|Sprinklers, erosion and a mess ont he roof|
The plant shown here is perennial peanut, a species that does well in the tropics, but questionable here in Northern Florida where the winter temps drop to the teens on a regular basis. Though somewhat green now the plant quickly wilts without the overhead spray, most of which is evaporating. I'm wondering what the owner will say when the roof turns a dead brown with first freeze.
The first batch of plant used was sedum and they promptly all died. Then the peanut was installed but because the roof has no parapet and desiccating wind sheet flows across the roof, the plants must be watered constantly with over head whirly bird sprinklers.
The sprinkler in the middle is over shooting the roof mostly. Green garden hoses dangle from the roof across the patios below.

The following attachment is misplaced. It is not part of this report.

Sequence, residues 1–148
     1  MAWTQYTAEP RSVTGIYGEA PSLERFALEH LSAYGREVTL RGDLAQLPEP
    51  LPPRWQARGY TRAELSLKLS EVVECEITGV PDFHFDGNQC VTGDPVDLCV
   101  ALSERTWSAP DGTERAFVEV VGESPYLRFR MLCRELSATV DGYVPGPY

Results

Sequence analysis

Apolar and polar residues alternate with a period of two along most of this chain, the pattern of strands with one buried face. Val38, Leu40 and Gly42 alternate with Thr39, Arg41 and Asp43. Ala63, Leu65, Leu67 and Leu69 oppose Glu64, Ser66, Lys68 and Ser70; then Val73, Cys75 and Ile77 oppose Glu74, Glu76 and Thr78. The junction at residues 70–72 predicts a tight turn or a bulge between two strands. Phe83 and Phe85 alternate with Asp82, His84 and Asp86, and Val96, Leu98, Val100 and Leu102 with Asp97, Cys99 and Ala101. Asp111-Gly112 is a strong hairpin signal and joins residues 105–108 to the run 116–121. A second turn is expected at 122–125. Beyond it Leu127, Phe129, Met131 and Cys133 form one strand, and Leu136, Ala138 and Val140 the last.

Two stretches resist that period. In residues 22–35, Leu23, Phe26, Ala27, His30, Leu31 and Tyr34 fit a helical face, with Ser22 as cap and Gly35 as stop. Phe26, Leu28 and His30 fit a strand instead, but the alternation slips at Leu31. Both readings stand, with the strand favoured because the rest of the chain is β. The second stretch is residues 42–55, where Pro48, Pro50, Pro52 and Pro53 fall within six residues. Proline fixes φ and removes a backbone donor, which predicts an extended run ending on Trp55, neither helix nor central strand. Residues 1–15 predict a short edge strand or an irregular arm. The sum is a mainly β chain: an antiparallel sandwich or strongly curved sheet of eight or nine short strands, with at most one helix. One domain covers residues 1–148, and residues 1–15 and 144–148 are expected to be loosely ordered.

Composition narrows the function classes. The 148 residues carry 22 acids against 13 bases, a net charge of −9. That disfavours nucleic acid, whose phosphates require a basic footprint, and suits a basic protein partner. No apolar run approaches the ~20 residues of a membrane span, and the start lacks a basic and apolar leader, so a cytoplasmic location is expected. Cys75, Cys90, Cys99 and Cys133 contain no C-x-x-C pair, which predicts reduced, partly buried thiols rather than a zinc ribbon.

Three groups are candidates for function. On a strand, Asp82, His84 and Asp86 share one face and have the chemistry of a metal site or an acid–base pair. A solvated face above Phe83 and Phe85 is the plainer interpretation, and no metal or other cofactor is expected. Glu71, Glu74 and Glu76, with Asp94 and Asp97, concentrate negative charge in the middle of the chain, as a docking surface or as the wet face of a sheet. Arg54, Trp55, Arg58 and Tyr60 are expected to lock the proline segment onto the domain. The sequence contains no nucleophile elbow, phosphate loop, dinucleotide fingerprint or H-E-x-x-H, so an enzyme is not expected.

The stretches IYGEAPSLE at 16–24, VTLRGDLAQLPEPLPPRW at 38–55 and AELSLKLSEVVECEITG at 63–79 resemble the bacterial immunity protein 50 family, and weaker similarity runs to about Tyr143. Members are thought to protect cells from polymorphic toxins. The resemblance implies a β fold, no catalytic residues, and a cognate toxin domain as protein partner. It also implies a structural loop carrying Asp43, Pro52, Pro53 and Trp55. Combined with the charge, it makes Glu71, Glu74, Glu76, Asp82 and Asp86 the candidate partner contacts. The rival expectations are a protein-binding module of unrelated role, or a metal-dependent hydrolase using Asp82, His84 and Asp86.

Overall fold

Erosion is occurring, creating ruts across the green roof area and soil media lies in the storm sewer attached to the gutters.
This system belongs to a nationally know company.
It is really unfortunate that the bottom line was the cheapest way out. You get what you pay for. Potentially grand projects that could benefit the industry can wreck the same industry's reputation.
I would hope better for Florida green roofs in the future.
Otherwise, the product will becoming a pariah.